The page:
My wife and I returned from a trip to AZ this past week. We attended two performances of Northern Arizona University's Shrine of the Ages Choir, Edith Copley, Conductor. It was tremendous.
The choir brilliantly premiered "Your Hand in Mine". The piece was a collaboration between myself and Brian Newhouse (MSP poet and voice of Minnesota Classical Public Radio). The text is derived from the Seven Last Words of Christ, specifically the Latin text, "In Manus Tuas" (Into your hands I commend my spirit).
Brian and I are working on setting all seven movements from the Seven Last Words. The idea is that we weave together the sacred and the secular through responsorial poetry written by Brian. In short, I wanted to find the larger truths of something that is very specifically liturgical. I interpret the bible and scripture as myth. For me, that has always been the way to connect to the poetry. I know this is not true for many. In speaking with Brian, who is Unitarian and attends a Unitarian church in Minneapolis, I found that he and I are very similar in the way that we view religious practice and liturgy. For him, spiritual pursuits are often devoted to finding holiness in all things. This could mean incorporating global religious practices into his spiritual life or looking for similarities between art of all kinds and spirituality. I seriously identify with this. If you have ever read Joseph Campbell, you'd know that his views on Christian worship are all rooted in myth. So much so that his hero's journey is the basis for all stories ever told over the course of forever. Similarly, Brian and I like to consider the bible as a gateway to larger truths of the human condition, rather than a historical account.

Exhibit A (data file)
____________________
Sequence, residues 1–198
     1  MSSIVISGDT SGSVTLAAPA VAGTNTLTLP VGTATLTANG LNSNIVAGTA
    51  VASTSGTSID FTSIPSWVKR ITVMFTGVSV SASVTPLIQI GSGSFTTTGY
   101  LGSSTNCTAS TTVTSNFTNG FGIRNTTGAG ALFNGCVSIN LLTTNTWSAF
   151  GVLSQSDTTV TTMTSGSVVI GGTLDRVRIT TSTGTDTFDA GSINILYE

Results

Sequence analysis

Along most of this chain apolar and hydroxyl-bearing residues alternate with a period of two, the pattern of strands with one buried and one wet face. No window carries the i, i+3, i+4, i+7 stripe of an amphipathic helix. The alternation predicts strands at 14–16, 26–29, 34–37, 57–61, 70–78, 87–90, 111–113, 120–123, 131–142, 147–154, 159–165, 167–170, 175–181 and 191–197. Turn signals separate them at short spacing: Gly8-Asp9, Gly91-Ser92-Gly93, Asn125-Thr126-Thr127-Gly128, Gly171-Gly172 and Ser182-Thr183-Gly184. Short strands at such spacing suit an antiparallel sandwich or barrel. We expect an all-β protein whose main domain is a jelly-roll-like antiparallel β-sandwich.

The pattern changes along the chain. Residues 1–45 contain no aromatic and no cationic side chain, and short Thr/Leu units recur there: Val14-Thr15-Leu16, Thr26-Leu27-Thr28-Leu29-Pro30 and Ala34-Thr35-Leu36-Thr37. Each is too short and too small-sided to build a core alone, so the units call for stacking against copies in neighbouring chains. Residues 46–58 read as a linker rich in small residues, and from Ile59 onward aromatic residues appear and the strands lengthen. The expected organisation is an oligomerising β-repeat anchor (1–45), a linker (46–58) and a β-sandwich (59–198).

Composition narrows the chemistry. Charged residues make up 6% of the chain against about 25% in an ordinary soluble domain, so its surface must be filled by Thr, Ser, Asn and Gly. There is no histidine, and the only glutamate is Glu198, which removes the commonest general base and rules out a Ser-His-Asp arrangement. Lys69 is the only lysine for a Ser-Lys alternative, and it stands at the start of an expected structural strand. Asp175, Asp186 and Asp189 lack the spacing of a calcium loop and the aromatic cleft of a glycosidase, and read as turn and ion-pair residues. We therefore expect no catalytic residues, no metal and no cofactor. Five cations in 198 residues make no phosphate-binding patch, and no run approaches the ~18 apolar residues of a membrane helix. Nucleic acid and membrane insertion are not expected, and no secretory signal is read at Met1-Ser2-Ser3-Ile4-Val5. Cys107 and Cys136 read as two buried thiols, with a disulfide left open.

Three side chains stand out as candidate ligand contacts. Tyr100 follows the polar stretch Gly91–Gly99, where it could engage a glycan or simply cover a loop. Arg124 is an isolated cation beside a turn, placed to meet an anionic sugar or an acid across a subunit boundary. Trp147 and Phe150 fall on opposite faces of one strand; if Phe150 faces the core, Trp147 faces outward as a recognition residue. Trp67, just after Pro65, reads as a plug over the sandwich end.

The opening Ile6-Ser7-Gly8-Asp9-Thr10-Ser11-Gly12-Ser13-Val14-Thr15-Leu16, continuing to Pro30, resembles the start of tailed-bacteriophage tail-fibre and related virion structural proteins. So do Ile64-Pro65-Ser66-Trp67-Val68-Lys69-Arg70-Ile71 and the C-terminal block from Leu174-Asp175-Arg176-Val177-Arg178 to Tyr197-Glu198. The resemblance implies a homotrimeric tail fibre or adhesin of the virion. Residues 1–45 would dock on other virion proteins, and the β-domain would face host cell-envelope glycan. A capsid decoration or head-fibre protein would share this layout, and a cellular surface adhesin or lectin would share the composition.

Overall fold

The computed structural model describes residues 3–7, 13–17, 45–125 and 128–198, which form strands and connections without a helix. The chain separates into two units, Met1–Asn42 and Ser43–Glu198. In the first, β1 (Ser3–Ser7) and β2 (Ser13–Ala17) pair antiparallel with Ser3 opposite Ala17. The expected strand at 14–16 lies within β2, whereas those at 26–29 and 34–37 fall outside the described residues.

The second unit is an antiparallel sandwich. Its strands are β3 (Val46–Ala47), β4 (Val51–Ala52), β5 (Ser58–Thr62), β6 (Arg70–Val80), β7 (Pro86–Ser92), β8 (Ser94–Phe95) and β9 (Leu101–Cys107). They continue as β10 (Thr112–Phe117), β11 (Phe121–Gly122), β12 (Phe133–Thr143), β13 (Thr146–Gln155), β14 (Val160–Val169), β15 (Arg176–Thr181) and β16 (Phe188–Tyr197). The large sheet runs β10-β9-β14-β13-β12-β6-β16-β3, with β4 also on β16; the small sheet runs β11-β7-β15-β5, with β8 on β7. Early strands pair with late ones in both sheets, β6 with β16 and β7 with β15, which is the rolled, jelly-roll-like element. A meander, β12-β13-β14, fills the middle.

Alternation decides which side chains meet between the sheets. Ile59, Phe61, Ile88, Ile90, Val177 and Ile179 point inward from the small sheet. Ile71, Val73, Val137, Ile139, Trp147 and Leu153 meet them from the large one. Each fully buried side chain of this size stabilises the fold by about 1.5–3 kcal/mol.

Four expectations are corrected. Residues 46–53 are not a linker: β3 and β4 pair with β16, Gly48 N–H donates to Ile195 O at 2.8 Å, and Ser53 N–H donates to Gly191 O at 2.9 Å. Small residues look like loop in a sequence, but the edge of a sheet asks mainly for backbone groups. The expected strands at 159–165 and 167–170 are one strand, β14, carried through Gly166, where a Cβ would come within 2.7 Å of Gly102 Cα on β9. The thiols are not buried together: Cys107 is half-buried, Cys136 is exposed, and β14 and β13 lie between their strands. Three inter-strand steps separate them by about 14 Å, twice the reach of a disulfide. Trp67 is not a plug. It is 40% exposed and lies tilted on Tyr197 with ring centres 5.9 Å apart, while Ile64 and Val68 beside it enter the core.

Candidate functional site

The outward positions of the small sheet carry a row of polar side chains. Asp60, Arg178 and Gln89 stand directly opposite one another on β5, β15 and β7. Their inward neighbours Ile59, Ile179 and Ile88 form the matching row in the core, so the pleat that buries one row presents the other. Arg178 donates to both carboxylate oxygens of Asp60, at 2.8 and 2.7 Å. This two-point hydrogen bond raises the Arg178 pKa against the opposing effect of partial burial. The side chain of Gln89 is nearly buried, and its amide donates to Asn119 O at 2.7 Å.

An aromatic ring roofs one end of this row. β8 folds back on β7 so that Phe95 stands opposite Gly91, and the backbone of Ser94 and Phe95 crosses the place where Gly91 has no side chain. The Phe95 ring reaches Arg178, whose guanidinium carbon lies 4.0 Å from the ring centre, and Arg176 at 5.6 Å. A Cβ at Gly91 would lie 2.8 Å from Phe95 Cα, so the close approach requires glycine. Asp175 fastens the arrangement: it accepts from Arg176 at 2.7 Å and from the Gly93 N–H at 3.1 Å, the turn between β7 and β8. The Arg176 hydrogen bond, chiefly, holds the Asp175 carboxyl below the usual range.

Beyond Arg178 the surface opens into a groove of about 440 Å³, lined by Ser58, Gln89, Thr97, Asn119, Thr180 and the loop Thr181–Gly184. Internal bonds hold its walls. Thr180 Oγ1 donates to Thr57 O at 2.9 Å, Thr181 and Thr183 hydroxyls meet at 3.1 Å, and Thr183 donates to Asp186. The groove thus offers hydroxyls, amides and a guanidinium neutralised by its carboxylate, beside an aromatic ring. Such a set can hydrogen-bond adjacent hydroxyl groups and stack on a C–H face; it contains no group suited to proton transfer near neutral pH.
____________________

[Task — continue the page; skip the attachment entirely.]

Why the Seven Last Words?
I found that something so specifically liturgical can be universally relevant, far beyond Christan worship. Brian and I look for the themes present in these beautiful texts that might apply to all people. Sure enough, there are many, perhaps too many. I am really looking forward to diving into these texts as Brian completes them and we hope to find an ensemble that would take on the project as a whole. For now, let this movement of the larger work, tentatively titled, "Last Words" give you some perspective on our efforts to coopt the Seven Last Words.